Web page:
The Onondaga Lake Citizens’ Participation Plan was designed to ensure that stakeholders could participate in the process of designing and implementing a cleanup of Lake Onondaga.
Problems and Purpose
Years of dumping industrial pollution into Onondaga Lake near Syracuse, New York, resulted in a serious public health threat to the local community. In the 1990s, the US EPA and the New York State Department of Environmental Conversion began to work with the major local industry, Honeywell, to clean up the lake. As part of the process, the Onondaga Lake Citizens’ Participation Plan was created to ensure that all stakeholders, from local residents to environmental groups to business groups, could participate in discussions and workgroups throughout the process of designing and implementing the cleanup process.
The 4.6 square mile Onondaga Lake near Syracuse, New York has been a dumping site for industry waste for over a century. Beginning in 1884, the Solvay Process Company released chloride, sodium, and calcium waste into the Onondaga Lake. From 1920, Allied Chemical began releasing mercury into the lake, amounting to tens of thousands of pounds of the metal over the years. Other industrial activities released benzene, toluene, xylene, ethylbenzene, and PCBs into the lake.
In 1992, AlliedSignal (now Honeywell) agreed to work with the New York state government to begin a remedial investigation and feasibility study of the lake. In 1994, Onondaga Lake was listed on the federal government’s Superfund National Priorities List as well as New York state’s Superfund list. Honeywell took steps to restore subsites around the lake while the local Onondaga County government upgraded wastewater treatment facilities, decreasing the amount of ammonia, phosphorous, and bacteria released into the lake.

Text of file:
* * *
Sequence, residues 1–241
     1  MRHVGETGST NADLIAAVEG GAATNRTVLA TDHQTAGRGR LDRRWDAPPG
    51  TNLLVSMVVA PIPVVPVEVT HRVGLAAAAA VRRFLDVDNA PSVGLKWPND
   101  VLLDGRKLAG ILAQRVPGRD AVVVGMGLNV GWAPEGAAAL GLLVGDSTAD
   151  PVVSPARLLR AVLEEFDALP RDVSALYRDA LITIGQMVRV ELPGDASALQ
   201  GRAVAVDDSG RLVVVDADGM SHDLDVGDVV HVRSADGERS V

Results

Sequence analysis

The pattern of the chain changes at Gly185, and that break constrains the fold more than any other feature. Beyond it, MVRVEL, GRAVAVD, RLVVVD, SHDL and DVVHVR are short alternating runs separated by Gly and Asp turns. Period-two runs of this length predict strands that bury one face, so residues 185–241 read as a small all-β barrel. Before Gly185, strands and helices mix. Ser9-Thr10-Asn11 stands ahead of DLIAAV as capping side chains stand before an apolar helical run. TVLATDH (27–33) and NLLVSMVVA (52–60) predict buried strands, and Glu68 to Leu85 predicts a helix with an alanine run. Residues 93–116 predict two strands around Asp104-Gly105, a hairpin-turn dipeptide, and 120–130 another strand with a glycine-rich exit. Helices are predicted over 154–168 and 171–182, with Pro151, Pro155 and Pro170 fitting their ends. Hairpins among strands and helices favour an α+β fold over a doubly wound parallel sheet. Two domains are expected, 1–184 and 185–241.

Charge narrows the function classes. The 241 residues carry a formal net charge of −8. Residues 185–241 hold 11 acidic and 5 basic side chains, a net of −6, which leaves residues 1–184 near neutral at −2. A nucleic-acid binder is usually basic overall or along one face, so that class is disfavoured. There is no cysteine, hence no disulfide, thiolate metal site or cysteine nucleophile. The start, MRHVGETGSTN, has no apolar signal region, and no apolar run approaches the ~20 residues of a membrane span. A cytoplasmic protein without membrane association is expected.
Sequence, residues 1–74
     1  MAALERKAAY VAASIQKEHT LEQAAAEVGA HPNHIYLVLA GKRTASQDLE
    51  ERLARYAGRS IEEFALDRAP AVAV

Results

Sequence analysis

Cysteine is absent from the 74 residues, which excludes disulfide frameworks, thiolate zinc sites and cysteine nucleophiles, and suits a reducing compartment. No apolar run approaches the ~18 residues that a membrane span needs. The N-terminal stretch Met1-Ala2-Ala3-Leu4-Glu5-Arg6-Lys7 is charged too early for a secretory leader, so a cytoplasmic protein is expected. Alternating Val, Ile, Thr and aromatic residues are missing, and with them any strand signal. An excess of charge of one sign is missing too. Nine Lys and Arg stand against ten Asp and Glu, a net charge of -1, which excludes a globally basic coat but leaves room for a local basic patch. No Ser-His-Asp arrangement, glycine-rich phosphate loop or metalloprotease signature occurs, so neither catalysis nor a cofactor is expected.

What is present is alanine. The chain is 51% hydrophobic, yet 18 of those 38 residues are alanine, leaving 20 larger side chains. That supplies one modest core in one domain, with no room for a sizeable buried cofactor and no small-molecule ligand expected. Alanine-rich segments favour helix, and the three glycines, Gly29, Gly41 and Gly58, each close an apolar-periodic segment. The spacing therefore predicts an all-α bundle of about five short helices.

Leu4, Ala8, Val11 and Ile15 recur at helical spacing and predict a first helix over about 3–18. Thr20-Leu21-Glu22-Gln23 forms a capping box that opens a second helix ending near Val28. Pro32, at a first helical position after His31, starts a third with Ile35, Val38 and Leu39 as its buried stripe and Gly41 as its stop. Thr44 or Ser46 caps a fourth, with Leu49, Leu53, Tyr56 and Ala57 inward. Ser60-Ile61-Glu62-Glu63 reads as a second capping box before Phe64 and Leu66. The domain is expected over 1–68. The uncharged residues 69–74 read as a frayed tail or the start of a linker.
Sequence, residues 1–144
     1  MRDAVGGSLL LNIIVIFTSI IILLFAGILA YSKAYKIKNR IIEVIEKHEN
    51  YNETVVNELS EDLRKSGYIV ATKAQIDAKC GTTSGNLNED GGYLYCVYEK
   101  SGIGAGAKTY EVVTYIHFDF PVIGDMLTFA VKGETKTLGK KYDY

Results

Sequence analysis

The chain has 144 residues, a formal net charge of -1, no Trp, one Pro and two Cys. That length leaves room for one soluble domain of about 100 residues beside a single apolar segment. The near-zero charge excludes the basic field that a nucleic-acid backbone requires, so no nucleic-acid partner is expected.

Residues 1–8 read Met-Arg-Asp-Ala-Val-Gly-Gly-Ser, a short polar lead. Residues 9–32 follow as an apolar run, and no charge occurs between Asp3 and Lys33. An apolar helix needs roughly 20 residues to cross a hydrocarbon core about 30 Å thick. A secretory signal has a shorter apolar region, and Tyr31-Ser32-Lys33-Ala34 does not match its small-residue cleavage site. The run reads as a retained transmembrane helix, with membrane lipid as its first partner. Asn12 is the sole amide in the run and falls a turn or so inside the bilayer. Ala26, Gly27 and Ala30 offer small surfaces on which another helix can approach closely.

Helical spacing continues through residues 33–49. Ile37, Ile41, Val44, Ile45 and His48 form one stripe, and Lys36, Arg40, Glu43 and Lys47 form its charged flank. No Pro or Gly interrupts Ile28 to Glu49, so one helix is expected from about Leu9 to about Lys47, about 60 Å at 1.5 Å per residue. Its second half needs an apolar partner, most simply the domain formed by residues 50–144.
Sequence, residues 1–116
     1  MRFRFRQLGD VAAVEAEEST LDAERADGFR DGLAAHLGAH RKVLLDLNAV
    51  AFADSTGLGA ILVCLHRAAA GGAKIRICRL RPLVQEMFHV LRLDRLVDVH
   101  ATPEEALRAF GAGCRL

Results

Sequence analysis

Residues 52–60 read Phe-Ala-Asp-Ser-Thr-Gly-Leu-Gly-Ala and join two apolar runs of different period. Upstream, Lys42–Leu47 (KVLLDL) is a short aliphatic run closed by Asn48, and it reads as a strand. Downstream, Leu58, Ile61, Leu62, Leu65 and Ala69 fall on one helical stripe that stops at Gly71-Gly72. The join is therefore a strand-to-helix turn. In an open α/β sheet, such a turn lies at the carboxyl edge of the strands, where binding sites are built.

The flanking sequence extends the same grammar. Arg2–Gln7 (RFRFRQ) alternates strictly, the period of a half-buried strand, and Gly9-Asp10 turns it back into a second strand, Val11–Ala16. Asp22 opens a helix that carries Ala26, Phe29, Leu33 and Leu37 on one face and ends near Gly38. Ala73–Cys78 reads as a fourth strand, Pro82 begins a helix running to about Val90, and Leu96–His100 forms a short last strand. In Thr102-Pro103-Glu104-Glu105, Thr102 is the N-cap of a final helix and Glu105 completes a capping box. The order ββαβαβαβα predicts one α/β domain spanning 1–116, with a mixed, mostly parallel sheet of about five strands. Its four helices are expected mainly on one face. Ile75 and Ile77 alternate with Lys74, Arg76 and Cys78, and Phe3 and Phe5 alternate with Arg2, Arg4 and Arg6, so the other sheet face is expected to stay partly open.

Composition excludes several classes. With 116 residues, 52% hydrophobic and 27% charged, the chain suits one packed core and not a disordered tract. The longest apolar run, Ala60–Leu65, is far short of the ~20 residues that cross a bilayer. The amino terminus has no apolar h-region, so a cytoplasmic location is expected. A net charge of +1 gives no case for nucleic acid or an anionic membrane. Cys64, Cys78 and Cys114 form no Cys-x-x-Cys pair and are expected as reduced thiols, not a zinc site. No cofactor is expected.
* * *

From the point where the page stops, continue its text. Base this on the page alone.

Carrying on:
In 2005, the United States Environmental Protection Agency (USEPA) and the New York State Department of Environmental Conversion (NYSDEC) made a decision to restore the lake bottom at a subsite. On October 12th, 2006, the implementation of the restoration project was agreed to be completed by Honeywell and NYSDEC. After a period of public comment, the court passed the Consent Decree on January 4th, 2007. The Consent Decree outlined the implementation of the cleanup plan and required that Honeywell assist, financially and administratively, with the implementation of a Citizens’ Participation Plan (CPP).
The Onondaga Lake CPP “outlines ways for interested stakeholders to participate in discussions and/or participation groups on the design and construction of remediation activities.” CPP activities were planned to align with ten milestones in the cleanup project’s completion, including the development of a Remedial Design Working Group, the design of a sediment consolidation area (SCA), and eight others. The stated goals of the CPP are “to provide communications and dialogue with the public that are open, transparent and proactive” by:
- ensuring two-way communication between the public, NYSDEC, and Honeywell
- involving key stakeholder groups in critical projects
- creating opportunities for the public to contribute information, opinions, and perspectives
- continually analyzing the effectiveness of the CPP
Participant Recruitment and Selection
Citizens applied with a resume and cover letter to the NYSDEC in order to take part in the Community Participation Working Group. Every citizen who has applied so far to take part in the CPWG has been accepted, with the exception of an individual who had done previous contract work with Honeywell and was considered to have a conflict of interest.